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How can waste water be used more efficiently in a sustainable manner? This is the challenge for 60 researchers who will cooperate across scientific disciplines during 24 hours and come up with new ideas for ways of handling waste water in the future.

2013.08.13 | Research, Events, Public / media

Researchers investigate waste water

During an intense innovation course of only 24 hours, 60 researchers from Aarhus University must come up with new technological solutions on how to utilise waste water resources in a sustainable way.

On the morning of 17 June scientists from Aarhus University carried out a test drone flight over Nørreådalen near Viborg. The ambition is to monitor game in the field and solve the problems of the many animals killed by agricultural machinery each year. (Photo: Rasmus Nyholm Jørgensen, AU).
Here is the drone, which uses a heat-seeking camera to detect wildlife from the air. (Photo: Rasmus Nyholm Jørgesen, AU). 
When the drone has detected an animal, it sends the GPS coordinates back to the scientists. Spot the rabbit! (Photo: Rasmus Nyholm Jørgensen, AU).

2013.07.01 | Research, Public / media, Department of Engineering

Drone spots game in the field

The number of animals killed by machinery on agricultural land is going to be reduced with the use of drones, cameras and algorithms. Scientists at Aarhus University are behind a project that has great potential for both animal and farmer.

With 10 million Danish kroner funded by the Danish National Advanced Technology Foundation (Højteknologifonden), researchers speed up the development of an ear computer that decodes patterns in the brain cells' electrical activity and predicts hypoglycaemia in diabetics.

2013.06.21 | Grant, Research, Public / media, Department of Engineering

Ear computer predicts hypoglycaemia

A small device in the ear guards diabetes patients against hypoglycaemia. Small electrodes measure electric brain signals and warn the patient if the blood sugar drops to a critically low level.

By means of electrical attraction, antibodies for cancer have been transported through the membrane of infected cells for the first time. The method may have an impact on the future medical treatment of a number of diseases. Two engineering students are behind this new lab finding. The photo shows Dennis Vestergaard Pedersen in the lab. Photo: Henrik Olsen.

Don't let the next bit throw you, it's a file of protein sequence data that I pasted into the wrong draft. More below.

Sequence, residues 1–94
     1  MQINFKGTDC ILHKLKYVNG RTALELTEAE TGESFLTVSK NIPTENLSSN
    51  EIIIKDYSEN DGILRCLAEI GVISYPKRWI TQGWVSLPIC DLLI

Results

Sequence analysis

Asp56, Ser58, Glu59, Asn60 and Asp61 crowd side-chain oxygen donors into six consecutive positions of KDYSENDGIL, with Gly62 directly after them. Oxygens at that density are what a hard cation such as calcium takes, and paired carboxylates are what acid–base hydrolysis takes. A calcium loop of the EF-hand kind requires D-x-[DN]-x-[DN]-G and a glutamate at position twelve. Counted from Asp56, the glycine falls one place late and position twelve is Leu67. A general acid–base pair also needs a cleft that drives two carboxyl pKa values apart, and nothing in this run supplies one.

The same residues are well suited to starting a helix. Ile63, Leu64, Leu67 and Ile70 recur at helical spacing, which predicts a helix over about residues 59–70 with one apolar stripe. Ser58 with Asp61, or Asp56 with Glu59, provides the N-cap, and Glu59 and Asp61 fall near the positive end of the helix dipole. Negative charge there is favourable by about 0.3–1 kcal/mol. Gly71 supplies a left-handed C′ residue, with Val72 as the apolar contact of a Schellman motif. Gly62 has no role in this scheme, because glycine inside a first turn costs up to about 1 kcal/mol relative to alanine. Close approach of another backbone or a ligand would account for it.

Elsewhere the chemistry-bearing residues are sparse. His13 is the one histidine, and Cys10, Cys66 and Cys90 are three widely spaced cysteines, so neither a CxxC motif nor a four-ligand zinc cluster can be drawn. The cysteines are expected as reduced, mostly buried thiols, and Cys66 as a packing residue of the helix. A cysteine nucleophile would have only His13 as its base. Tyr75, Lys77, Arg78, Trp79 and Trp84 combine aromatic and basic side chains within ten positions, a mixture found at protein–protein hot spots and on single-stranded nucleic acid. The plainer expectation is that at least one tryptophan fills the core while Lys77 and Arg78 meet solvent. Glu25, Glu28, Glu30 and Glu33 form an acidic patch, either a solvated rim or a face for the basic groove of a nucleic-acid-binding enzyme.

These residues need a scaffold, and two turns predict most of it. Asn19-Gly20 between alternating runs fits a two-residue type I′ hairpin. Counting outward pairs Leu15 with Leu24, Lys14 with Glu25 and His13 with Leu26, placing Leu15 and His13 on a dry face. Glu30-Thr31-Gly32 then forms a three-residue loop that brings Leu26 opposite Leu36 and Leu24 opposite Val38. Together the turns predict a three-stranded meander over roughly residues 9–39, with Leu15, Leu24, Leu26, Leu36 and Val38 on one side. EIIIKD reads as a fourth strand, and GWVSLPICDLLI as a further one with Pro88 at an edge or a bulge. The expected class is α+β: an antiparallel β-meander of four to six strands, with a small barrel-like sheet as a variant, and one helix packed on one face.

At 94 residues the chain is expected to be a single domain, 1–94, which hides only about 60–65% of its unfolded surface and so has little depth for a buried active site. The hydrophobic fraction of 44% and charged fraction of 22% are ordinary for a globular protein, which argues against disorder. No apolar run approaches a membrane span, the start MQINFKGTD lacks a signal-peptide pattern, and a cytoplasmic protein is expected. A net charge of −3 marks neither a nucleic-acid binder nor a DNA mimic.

A cancer cell treated with medical antibodies or so-called immunotherapy.
The same cancer cell a few hours later. The antibody is marked with a luminescent green dye to clearly illustrate how it has settled in a bubble surrounded by membrane from where it seeps into the cell.

2013.04.09 | Research, Public / media, Department of Engineering, Nature and technology

Students discover method to kill cancer

A new lab finding may have an impact on the medical treatment of cancer. For the first time, antibodies have been transported through the cell membrane and this can kill even the most tough type of cancer. Two engineering students (MSc Eng) have discovered this method that might turn out to be ground-breaking.

At first sight, people do not think there is anything unusual about the typical tower block at the harbour in Aarhus. But they are wrong. The 12-floor concrete building has integrated technology equipment worth of millions, and now researchers are starting the largest full scale experiment so far with intelligent control of energy use (Photo: Henrik Olsen).

In the basement of Grundfos dormitory (Grundfoskollegiet), technical equipment monitors the energy use in the 132 apartments with a few seconds interval. Top photo: Steffen Petersen, Aarhus University School of Engineering (right) and Michael Dahl Knudsen PhD student, Department of Engineering.  At the lower photo, the researchers are visiting Michael Brusgaard Christensen, engineering student at Aarhus University in his apartment. (Photo: Henrik Olsen)